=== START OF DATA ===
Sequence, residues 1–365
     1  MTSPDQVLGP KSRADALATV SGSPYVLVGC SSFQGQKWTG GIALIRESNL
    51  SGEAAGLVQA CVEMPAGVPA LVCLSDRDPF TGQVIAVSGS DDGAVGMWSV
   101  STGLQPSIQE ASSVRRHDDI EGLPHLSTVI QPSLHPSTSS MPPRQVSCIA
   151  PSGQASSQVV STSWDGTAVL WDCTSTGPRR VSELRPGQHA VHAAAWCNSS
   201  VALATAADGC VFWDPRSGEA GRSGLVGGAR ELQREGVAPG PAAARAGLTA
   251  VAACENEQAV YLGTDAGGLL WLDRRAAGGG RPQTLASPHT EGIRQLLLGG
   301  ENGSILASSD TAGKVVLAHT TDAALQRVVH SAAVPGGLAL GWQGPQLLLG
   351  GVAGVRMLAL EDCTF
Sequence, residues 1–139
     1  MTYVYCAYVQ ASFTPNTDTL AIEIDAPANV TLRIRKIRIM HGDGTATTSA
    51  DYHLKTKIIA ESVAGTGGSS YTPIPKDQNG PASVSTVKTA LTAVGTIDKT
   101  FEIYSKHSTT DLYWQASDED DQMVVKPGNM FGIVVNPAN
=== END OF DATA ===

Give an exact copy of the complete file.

Sequence, residues 1–365
     1  MTSPDQVLGP KSRADALATV SGSPYVLVGC SSFQGQKWTG GIALIRESNL
    51  SGEAAGLVQA CVEMPAGVPA LVCLSDRDPF TGQVIAVSGS DDGAVGMWSV
   101  STGLQPSIQE ASSVRRHDDI EGLPHLSTVI QPSLHPSTSS MPPRQVSCIA
   151  PSGQASSQVV STSWDGTAVL WDCTSTGPRR VSELRPGQHA VHAAAWCNSS
   201  VALATAADGC VFWDPRSGEA GRSGLVGGAR ELQREGVAPG PAAARAGLTA
   251  VAACENEQAV YLGTDAGGLL WLDRRAAGGG RPQTLASPHT EGIRQLLLGG
   301  ENGSILASSD TAGKVVLAHT TDAALQRVVH SAAVPGGLAL GWQGPQLLLG
   351  GVAGVRMLAL EDCTF
Sequence, residues 1–139
     1  MTYVYCAYVQ ASFTPNTDTL AIEIDAPANV TLRIRKIRIM HGDGTATTSA
    51  DYHLKTKIIA ESVAGTGGSS YTPIPKDQNG PASVSTVKTA LTAVGTIDKT
   101  FEIYSKHSTT DLYWQASDED DQMVVKPGNM FGIVVNPAN